Does HSCADV provide shelter or advocacy?
No. HSCADV does not provide direct services such as shelter or advocates. If you are looking for such services, please go to our Get Help section to find your nearest resource.
What is domestic violence?
Domestic, or intimate partner violence, is when one person in a relationship uses patterns of abusive behaviors and tactics to gain power and control over their partner. Partners can be living together, married, dating, or separated.
Domestic violence can be in many forms such as physical, verbal, psychological, sexual, and financial. These patterns of abuse are intended to limit the partner’s ability to make personal choices, have access to family and friends, and maintain self-esteem.
What is dating violence?
Dating violence is also used interchangeably with domestic violence if both parties in the relationship are not living together. The cycle and types of abuse of dating violence is the same as domestic violence.
What is stalking?
Stalking is defined as being a pattern of repeated and unwarranted attention or surveillance by an individual over another person. This is a common control tactic in dating and domestic violence, whether the parties are separated or still in the relationship.
What are the most common signs of domestic violence?
Keep in mind that every relationship is different and warning signs may differ. However, some examples of red flags in abusive relationships may include:
A victim may become more isolated from friends and family and stop spending time with loved ones in order to focus on the relationship with their partner.
A victim may start to blame themselves for their partner’s behavior and feel like they are “walking on eggshells.”
Abusers begin to control the way their partner lives their life, including telling them how to dress, whom to talk to, and where they can and cannot go.
Abusers often talk about how they cannot do no wrong and are never apologetic regarding their negative behavior towards their partner, and their partner often minimizes or denies abuse in public.
What does a healthy relationship look like?
Healthy relationships involve honesty, trust, respect, accountability, and non-threatening behavior. While it’s normal to have disagreement and conflicts in almost every relationship, healthy relationships will overcome these issues with negotiation, mutual decision making, and open communication. Both parties in healthy relationships treat each other with equality and are able to resolve problems without manipulation and violence.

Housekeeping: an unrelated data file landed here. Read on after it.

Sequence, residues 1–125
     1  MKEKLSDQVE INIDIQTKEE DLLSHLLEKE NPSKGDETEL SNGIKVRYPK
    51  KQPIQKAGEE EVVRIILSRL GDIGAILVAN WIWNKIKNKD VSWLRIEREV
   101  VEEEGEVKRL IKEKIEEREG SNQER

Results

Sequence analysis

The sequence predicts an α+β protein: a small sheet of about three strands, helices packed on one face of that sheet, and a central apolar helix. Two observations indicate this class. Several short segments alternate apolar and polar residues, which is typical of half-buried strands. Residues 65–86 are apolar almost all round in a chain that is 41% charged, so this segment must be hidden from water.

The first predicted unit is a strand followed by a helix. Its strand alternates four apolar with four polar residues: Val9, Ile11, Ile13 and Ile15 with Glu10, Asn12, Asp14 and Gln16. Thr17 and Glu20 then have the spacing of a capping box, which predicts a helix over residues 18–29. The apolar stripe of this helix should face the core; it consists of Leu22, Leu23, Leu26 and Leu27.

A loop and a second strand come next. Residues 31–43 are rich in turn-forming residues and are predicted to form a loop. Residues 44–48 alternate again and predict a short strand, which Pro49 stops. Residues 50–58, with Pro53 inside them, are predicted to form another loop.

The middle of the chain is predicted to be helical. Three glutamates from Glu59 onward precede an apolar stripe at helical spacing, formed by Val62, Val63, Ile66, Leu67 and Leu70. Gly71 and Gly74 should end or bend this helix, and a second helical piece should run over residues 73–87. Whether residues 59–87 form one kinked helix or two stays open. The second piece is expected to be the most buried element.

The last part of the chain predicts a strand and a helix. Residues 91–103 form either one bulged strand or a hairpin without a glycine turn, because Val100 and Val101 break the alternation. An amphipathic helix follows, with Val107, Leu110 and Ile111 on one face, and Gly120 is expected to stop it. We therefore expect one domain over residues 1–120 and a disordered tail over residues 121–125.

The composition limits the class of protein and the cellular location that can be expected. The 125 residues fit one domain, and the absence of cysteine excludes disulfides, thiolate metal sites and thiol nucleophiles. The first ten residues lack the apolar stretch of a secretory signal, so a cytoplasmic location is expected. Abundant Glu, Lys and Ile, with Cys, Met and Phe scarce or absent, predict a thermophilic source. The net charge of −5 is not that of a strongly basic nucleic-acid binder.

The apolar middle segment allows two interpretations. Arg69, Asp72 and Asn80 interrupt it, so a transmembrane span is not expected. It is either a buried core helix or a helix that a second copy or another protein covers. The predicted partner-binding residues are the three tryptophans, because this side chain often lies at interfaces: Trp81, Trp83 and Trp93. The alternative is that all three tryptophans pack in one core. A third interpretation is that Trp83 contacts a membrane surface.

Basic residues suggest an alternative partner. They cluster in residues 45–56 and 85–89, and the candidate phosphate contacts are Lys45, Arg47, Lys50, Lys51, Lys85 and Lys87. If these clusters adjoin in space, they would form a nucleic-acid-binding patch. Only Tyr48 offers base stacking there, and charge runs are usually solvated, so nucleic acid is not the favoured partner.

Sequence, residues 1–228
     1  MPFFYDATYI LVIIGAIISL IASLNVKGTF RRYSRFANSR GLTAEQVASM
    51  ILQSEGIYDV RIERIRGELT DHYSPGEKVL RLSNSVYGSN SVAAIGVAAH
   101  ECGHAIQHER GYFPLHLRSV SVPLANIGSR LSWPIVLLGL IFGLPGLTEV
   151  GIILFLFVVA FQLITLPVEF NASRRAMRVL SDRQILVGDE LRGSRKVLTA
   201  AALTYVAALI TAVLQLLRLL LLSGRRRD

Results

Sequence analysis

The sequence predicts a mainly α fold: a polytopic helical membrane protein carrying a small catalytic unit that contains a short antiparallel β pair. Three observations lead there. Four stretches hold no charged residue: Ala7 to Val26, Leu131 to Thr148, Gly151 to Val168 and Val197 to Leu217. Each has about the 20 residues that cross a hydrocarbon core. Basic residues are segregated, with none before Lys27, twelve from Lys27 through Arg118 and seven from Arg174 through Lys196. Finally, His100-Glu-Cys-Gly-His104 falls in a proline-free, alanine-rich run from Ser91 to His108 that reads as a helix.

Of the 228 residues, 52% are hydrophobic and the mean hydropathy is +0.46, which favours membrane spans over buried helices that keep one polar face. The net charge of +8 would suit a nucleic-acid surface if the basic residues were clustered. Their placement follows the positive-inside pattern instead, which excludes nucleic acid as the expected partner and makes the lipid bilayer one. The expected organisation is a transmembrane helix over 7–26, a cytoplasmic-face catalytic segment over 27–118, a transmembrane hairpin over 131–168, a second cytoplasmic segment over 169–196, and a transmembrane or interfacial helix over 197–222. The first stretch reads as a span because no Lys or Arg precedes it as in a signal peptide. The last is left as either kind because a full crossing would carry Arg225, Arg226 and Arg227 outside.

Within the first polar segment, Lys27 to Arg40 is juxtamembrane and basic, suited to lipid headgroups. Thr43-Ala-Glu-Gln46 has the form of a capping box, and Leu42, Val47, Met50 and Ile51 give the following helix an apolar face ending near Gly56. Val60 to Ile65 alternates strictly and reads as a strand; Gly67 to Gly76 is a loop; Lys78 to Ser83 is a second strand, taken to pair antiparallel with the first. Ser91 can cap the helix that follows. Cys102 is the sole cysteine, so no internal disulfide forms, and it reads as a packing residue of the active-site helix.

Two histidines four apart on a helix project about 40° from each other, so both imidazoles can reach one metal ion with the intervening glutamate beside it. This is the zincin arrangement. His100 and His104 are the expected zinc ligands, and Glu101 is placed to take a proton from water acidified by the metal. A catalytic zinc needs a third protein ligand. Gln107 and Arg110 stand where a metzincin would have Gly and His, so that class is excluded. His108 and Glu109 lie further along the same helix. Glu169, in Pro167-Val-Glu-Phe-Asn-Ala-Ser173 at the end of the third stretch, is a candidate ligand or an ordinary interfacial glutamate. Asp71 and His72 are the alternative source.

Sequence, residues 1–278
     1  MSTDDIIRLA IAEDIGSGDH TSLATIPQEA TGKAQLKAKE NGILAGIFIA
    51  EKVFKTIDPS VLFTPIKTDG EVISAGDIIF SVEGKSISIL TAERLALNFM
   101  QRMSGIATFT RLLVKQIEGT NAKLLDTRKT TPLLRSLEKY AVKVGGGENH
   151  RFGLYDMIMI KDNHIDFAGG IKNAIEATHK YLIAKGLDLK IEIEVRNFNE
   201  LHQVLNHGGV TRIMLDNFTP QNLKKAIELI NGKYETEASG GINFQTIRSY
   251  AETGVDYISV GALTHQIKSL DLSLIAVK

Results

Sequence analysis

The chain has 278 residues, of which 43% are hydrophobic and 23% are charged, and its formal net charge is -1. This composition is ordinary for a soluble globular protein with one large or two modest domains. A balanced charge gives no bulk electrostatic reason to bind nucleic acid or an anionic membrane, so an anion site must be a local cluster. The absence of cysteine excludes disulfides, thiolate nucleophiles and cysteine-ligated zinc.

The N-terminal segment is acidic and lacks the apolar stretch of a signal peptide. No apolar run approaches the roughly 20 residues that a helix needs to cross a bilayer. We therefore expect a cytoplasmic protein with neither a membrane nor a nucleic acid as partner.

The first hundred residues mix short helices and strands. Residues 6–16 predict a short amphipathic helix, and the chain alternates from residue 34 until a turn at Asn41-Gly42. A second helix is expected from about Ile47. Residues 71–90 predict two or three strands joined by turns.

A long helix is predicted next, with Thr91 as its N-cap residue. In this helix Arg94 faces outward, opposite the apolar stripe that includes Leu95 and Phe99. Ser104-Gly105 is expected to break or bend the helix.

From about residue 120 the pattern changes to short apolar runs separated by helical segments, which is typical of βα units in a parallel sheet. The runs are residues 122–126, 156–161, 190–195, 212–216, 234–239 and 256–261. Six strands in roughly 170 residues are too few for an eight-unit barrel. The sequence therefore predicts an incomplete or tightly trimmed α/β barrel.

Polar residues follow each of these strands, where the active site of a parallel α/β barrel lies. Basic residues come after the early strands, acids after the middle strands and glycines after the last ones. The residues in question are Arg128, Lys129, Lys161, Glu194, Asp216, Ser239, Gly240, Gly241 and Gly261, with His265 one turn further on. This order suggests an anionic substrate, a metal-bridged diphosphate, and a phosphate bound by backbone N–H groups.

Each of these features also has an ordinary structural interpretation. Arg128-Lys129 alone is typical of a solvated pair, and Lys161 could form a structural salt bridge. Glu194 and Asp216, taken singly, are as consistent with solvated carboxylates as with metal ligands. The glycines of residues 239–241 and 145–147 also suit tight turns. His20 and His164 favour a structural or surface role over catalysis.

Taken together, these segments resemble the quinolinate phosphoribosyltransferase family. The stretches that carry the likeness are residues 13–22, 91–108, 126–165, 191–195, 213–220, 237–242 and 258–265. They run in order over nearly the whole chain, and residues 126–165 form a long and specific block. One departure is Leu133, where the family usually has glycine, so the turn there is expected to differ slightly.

How do I support a friend or family member who is experiencing domestic violence?
Please see our blog entry addressing this topic here.
Do your programs only support women?
No. Our organization is inclusive and supports all races, genders, and ages. Every member program in HSCADV is different and offers different services. Our programs offer a wide variety of services for men, women, children, students, LGBTQ+, immigrants, and other populations. To view programs and services available in your area, please go to the Get Help section.
What should I expect if I go to a shelter?
COVID-19 Update: Residents/survivors should anticipate shelters implementing CDC guidelines and updating their policies/procedures due to the coronavirus pandemic.
Domestic violence shelters are non-discriminatory and accept victims of various backgrounds. They are voluntary and if you choose to enter a shelter, these may be some rules you must follow in order to live there:
- There is no charge to stay.
- Shelters have common/shared common areas such as bathrooms and kitchens.
- If you have children, you will probably all share one bedroom and you are responsible for taking care of your own children.
- If you arrive at the shelter by yourself, you might have to share a room with other survivors.
- All shelters must allow service animals but some may not accept pets.
- Emergency food, clothing, and toiletries are available.
- Visitors are not allowed.
- For confidentiality and safety purposes, residents must not share the shelter location.
What are my reporting options if I or my abuser is in the military?
Every branch of the U.S. military has different reporting policies and procedures and it is best to speak to a confidential military advocate about your options. Please visit the military-related resources in our Get Help page for more assistance.